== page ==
Akram Zaatari was born in Sidon, Lebanon, in 1966, and lives and works in Beirut. His body of work includes video, film, photography, installation and writing. Zaatari studied Architecture at the American University in Beirut, and then moved to New York to study Media at New School University. In the mid-nineties, he began working at Future TV in Beirut, where he made experimental short films that were a blend of documentary and video art. Zaatari’s work focuses on the military conflicts in Lebanon and in contemporary Muslim societies, and explores the power and bias of the media. He approaches politics through everyday life, the use of the body and social relations. His films shun traditional narrative in favour of fragmented storytelling and blur the boundaries between image and text. He incorporates elements from popular culture in his work, such as images from American and Egyptian films and songs played on Lebanese radio stations.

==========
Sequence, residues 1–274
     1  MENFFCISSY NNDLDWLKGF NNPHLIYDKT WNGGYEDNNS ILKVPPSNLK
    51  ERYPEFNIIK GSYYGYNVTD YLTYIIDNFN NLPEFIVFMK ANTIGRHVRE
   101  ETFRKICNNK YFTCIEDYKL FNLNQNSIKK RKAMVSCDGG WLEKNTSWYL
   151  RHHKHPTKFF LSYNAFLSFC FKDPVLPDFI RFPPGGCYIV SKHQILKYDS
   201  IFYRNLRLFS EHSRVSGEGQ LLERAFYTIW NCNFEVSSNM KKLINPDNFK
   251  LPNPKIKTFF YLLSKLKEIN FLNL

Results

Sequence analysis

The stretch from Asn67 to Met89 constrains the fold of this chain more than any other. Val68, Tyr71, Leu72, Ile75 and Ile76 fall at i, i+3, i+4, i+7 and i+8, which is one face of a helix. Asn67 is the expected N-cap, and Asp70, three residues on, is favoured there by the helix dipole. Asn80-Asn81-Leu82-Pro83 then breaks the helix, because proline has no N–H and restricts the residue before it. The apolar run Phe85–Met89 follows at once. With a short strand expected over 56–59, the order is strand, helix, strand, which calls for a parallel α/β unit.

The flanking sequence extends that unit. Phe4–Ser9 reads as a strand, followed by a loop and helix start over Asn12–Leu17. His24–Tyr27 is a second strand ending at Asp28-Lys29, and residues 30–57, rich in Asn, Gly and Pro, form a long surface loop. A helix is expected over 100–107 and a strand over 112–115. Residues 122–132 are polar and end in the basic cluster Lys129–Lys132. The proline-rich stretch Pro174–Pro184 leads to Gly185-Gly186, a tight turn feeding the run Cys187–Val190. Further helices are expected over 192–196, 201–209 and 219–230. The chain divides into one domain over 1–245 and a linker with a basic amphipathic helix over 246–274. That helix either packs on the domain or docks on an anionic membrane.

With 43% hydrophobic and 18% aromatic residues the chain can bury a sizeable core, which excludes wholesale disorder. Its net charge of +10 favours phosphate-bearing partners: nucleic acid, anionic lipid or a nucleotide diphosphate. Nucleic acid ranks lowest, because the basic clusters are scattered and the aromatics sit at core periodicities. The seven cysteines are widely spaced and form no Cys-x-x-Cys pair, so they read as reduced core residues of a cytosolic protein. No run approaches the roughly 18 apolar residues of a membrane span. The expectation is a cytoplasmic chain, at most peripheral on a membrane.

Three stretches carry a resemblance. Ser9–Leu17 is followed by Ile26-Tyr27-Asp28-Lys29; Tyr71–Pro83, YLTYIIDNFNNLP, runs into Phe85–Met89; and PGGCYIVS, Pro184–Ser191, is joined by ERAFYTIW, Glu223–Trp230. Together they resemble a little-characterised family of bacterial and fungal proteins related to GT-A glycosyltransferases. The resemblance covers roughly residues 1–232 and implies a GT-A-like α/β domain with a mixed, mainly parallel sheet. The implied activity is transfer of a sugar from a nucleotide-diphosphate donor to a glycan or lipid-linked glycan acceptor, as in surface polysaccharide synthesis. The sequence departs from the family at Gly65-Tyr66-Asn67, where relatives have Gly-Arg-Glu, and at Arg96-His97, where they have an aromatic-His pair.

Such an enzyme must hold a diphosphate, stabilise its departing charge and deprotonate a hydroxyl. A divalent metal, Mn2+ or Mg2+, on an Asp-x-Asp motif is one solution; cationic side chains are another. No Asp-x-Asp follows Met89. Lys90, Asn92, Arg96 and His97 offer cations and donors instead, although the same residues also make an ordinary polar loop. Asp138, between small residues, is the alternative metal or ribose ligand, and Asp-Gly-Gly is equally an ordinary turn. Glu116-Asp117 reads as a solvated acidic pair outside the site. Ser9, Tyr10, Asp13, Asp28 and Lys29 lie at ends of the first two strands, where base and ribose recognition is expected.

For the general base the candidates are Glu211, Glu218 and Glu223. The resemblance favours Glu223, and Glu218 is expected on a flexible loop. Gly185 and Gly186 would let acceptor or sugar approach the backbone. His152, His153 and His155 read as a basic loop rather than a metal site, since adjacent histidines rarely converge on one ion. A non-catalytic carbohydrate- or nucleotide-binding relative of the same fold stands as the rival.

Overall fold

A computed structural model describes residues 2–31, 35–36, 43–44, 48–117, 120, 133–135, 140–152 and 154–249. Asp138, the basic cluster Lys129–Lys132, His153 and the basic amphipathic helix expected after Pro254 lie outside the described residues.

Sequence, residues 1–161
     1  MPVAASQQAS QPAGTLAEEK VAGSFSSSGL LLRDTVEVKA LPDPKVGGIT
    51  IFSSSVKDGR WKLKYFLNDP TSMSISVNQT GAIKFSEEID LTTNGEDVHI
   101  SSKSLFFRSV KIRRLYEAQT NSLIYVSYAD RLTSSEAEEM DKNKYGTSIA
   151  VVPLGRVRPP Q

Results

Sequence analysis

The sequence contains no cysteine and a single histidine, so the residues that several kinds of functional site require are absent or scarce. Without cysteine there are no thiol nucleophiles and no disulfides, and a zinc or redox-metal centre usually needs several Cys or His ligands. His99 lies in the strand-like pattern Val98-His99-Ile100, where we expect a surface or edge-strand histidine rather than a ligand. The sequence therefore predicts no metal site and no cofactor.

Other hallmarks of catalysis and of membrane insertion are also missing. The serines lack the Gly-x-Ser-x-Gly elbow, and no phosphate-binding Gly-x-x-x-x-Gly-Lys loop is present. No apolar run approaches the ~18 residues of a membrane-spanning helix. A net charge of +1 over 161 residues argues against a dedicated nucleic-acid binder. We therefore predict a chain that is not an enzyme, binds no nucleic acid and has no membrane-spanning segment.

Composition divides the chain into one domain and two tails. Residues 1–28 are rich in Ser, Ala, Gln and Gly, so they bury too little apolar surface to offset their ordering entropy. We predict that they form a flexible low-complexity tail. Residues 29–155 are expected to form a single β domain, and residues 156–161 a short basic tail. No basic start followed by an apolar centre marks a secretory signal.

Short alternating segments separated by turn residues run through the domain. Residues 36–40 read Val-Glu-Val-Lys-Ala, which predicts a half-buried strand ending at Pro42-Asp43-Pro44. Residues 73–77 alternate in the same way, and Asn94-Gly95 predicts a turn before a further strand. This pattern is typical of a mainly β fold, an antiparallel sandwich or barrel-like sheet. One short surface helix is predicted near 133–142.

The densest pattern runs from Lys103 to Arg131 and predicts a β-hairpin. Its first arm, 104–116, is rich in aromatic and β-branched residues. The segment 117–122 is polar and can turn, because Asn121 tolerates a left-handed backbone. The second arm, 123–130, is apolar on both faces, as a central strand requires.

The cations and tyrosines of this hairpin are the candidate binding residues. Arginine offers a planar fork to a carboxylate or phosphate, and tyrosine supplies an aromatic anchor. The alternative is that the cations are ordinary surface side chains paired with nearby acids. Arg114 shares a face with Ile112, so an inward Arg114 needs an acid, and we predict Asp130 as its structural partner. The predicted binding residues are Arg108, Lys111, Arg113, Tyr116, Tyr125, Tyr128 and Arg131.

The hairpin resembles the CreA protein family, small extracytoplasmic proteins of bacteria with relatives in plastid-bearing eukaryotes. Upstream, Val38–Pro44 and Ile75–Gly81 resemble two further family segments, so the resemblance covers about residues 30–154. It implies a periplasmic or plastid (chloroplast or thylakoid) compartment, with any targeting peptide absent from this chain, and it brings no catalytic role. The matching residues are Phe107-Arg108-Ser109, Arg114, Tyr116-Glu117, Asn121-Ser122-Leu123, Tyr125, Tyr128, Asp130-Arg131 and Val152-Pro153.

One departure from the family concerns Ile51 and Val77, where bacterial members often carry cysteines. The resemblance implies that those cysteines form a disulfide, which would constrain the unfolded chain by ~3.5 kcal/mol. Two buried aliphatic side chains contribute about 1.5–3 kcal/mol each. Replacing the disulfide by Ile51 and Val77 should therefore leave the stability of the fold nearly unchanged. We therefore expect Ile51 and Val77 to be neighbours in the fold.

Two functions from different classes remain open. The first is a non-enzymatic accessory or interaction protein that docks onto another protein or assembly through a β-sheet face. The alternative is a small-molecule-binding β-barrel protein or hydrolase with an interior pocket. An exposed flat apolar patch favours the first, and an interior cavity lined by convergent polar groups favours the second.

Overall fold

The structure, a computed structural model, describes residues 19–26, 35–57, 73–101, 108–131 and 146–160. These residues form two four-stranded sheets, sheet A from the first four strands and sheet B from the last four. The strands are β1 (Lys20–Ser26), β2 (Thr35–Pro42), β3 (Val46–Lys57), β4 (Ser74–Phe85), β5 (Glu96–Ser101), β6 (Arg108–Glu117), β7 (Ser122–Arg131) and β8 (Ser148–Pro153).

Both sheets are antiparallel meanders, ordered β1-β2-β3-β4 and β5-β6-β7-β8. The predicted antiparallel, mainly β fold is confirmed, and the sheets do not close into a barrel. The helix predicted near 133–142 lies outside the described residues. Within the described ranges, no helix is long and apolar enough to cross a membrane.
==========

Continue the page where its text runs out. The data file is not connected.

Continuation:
Zaatari is co-founder of the Lebanese Association for Contemporary Art and the Arab Image Foundation (AIF), which aims to collect, study and disseminate the photographic heritage of the Middle East. Through the AIF, he has recovered the work of the popular Lebanese photographer Hashem el Madani (1982), who portrayed civil society in his country from the early fifties. Zaatari has curated photography exhibitions in cities such as London, Beirut and Brussels, and his texts have been published in magazines including Third Text, Bomb, Framework, Transition and Parachute. His work can be found in the collections of Centre Pompidou in Paris, the Tate Modern in London and TBA21, Vienna.